Abstinence is a discipline for me – having to think about it – pay attention and plan ahead.

  • MarytheDefender

    In my country, the Philippines, it is quite the opposite. Fish is the poor man’s food. Meat is for the rich! Especially in rural communities, a freshly cooked chicken is a special treat for fiestas and visitors. Of course it also depends on the kind of fish. Supermarkets have imported salmon and that certainly isnt that penitential.

    • The Ubiquitous

      This was also the case in the Apostles’ time.

  • Max P Fritzel

    This is a very interesting discussion, but a related question came up during an event I attended this weekend. Does the church frown on ‘weddings during lent’?

    • Sonia

      When I was young, I think weddings were not scheduled during Lent, but since then I have been to Catholic weddings during Lent. Has there been a change? If so, what is the reasoning behind it?
      If a couple is married during Lent, many, if not all, of their anniversaries will be in Lent also, which is problematic.

  • Alexis

    I happen to love seafood more than meat. When we go out I always order some type of seafood. (I am not fond of lobster). So, what do I do?

    • Glenn

      My wife and I give up going out to dinner for all of Lent. If that is not an option, then order seafood to maintain the Friday abstinence.

    • Roger

      maybe abstain from all sorts of meat, including fish, for Lent. We are required to fast from meat on Fridays, but we are not limited to only doing this. That is just the bare minimum. So if you wanted to make a further gift of yourself to our Lord, that might be a way for you to do so.

    • Mainman12

      I do to. For my wife does not like fish and so I rarely get it at home.

  • Nola

    “Such are the flesh of animals that take their rest on the earth, and of those that breathe the air and their products, such as milk from those that walk on the earth, and eggs from birds.” – WHOA! I’m a cradle Catholic and we abstain on all Fridays of the year, not just during Lent, but we also have milk & eggs on Fridays. Is that breaking abstinence? Thanks. BTW I do remember the great joy with which we greeted Oyster Po’boys (sandwiches) on Fridays when I was growing up in New Orleans, so I guess that wasn’t really in the spirit of fasting either.

    • The Ubiquitous

      Not according to the Church’s law. However, as recently as the ’60s, the mandatory discipline was much stricter. You may keep this as a voluntary discipline, of course.

  • Marilyn

    I often get a kick out of the discussions of Lenten fasting and abstaining from meat. It always seems like such a concern to so many. I have been a vegetarian for 40 years eating neither meat or seafood of any kind and it really is not that difficult. I decided to give it up one day (due to my love of animals) and have never gone back. As for Lenten sacrifices, I think it is about both pleasure and discipline in giving up that which you like the most. It can only be significant as penance if it takes true effort and sacrifice.

  • MomLovesLacey

    For me, Lent is a season of less – less food entirely and certainly no pleasure foods, less money spent on anything unnecessary, less activities…just less. Each of us has different taste buds so pleasure foods would mean different things – for me peanut butter is an amazing pleasure food that I deny for Lent. Of course, on Sundays we are supposed to indulge in some pleasure food but I still omit deserts even on Sundays during Lent. My teen is much more a rule person – she says, “no meat” means no meat and she can eat everything else. In fact, family is taking her out for a dinner on the town to celebrate a big accomplishment of hers and she wrote to them: “My mom is really strict – when people ask her what she gave up for Lent she says, ‘pleasure'”.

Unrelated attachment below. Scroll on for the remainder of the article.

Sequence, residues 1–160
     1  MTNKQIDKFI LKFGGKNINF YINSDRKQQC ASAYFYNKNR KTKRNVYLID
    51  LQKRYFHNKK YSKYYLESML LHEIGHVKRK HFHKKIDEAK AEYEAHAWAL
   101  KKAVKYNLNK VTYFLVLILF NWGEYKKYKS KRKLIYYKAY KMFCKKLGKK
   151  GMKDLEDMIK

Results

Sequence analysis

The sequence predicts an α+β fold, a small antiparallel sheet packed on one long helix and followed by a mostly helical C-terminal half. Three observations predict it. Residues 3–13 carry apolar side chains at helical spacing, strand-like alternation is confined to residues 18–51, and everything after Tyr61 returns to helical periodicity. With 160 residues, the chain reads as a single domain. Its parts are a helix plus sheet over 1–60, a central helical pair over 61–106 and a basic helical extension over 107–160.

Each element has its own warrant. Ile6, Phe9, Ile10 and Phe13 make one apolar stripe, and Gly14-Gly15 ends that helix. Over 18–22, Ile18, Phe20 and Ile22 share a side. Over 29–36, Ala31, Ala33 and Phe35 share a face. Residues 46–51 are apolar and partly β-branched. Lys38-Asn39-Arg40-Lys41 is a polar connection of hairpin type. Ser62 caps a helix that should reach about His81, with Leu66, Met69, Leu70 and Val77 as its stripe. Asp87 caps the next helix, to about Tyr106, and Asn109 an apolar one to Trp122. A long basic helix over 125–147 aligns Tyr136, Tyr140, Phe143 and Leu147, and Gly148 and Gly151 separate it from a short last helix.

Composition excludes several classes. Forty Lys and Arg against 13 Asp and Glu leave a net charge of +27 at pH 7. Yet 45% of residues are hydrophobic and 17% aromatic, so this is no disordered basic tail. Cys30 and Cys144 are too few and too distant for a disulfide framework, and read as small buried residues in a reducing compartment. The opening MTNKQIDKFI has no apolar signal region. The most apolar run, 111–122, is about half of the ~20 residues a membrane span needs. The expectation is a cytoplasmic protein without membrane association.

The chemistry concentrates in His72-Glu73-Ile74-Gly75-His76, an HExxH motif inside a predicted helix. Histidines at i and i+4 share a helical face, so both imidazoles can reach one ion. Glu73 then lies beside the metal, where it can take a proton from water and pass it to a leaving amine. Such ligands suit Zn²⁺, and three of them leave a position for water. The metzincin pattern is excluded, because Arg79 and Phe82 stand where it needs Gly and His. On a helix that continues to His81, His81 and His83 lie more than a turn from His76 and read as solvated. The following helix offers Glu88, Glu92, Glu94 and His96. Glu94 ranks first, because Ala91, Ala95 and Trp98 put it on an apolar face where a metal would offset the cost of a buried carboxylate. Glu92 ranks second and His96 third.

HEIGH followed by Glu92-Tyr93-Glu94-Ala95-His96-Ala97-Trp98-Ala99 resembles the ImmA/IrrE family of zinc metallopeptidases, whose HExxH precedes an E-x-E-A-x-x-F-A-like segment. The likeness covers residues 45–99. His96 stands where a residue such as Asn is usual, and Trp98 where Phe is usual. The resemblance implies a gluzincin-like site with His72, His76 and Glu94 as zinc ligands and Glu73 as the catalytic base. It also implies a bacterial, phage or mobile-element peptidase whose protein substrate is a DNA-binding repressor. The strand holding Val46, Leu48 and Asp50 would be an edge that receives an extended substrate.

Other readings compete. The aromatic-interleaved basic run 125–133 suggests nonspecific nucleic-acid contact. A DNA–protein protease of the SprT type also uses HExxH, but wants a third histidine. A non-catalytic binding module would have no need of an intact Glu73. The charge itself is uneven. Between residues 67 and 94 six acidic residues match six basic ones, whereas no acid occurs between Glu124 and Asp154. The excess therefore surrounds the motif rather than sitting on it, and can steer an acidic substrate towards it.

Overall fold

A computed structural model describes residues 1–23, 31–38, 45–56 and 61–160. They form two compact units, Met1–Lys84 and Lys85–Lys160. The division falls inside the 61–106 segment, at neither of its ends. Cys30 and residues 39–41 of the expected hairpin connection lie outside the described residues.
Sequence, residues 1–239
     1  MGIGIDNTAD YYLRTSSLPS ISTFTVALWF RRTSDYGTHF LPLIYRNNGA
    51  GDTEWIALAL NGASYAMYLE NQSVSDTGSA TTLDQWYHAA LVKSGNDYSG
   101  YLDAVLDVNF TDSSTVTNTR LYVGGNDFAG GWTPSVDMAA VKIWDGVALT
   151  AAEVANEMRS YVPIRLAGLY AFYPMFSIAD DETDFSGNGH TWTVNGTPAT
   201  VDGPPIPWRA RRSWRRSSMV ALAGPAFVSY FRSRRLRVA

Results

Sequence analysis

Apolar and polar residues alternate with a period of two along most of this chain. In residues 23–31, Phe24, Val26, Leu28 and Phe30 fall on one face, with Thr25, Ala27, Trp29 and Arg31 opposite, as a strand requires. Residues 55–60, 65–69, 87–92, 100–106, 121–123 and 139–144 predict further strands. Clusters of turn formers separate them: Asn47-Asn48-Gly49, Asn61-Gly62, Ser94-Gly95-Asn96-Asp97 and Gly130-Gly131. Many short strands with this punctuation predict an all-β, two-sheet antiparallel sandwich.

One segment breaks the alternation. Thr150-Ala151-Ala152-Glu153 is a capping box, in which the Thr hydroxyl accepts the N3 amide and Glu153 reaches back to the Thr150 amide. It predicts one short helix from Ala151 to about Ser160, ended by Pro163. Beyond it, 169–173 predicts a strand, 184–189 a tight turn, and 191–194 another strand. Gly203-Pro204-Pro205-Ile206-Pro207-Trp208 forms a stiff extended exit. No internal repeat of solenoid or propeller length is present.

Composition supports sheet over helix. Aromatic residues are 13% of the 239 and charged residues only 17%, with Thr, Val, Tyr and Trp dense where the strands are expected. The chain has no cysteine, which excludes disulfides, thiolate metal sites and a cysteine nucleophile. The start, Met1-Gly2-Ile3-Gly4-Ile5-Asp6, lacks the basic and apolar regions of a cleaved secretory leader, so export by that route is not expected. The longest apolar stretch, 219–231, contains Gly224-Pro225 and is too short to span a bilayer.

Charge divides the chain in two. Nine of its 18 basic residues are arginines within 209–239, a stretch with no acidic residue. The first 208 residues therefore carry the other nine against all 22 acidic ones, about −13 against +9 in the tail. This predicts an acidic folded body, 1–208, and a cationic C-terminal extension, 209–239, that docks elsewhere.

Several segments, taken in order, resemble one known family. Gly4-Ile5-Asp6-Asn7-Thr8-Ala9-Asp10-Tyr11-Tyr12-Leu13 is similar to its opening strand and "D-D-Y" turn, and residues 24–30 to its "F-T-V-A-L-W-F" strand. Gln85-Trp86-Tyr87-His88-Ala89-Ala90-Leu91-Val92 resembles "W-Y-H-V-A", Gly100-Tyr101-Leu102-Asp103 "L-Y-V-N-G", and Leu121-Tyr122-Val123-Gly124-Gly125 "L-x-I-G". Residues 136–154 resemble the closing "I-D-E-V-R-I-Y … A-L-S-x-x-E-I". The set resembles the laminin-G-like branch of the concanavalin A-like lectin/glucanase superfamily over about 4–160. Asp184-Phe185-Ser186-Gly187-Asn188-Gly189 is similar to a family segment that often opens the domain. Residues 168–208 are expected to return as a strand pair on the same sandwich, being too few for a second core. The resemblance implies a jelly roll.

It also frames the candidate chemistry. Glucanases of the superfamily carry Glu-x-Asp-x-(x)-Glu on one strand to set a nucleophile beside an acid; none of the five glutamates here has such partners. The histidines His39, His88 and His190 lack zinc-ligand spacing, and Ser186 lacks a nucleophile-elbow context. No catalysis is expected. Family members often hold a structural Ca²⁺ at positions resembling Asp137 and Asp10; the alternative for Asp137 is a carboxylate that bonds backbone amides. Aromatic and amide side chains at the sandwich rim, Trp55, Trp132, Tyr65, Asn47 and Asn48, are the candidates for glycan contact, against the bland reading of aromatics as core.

Honestly, I’m not that strict but I do believe in not giving myself excuses. If I’m hungry the veggies will be just as filling as a steak. During Lent I add more service work, much more prayer time and subtract all pleasure foods (zero sugar!) and certainly would not go out to dinner – at all. In fact, this week I have to travel but I’m blessed to be going with a friend of great example. Yesterday, we were talking about what we could do the night at the motel because we aren’t willing to go to the giant outlet mall close by as unnecessary shopping is out for Lent (pleasure again), and we wouldn’t go to the casino anyway even though one is close to where we are staying, and we can’t even go out and enjoy a meal at the restaurant so we decided to bring the laptop and watch the Passion of the Christ – which is an annual Lenten activity these past many years but we will just do it earlier than our normal Holy Saturday viewing.

    It may sound excessive but I started with just “white-knuckling” my way away from only candy! (And come Easter I ate it again). Then came TV, another year was coffee too, last year was the internet, and I’m happy to say I’ve never gone back to any of these “addictions” in big ways again. Once I did without them, they no longer “owned” me – I was truly detached from them. Now, food sacrifices are mostly too easy for me, so this Lent I’m going for silence – I usually have Christian music on at *all* times but this year my home is quiet (this has been my hardest Lent yet). Also, all these sacrifices are tied to other people, the food I don’t eat gets paid into my rice bowl, the prayers I increase are nearly all intercessory for others (except the copious prayers of gratitude), and the money I won’t be spending on a restaurant will be put into the rice bowl as well – I will simply be bringing a bowl of beans for dinner in the motel. The silence gives me more time to listen for the Lord (that is when the enemy isn’t telling me He doesn’t care if I listen to music :-).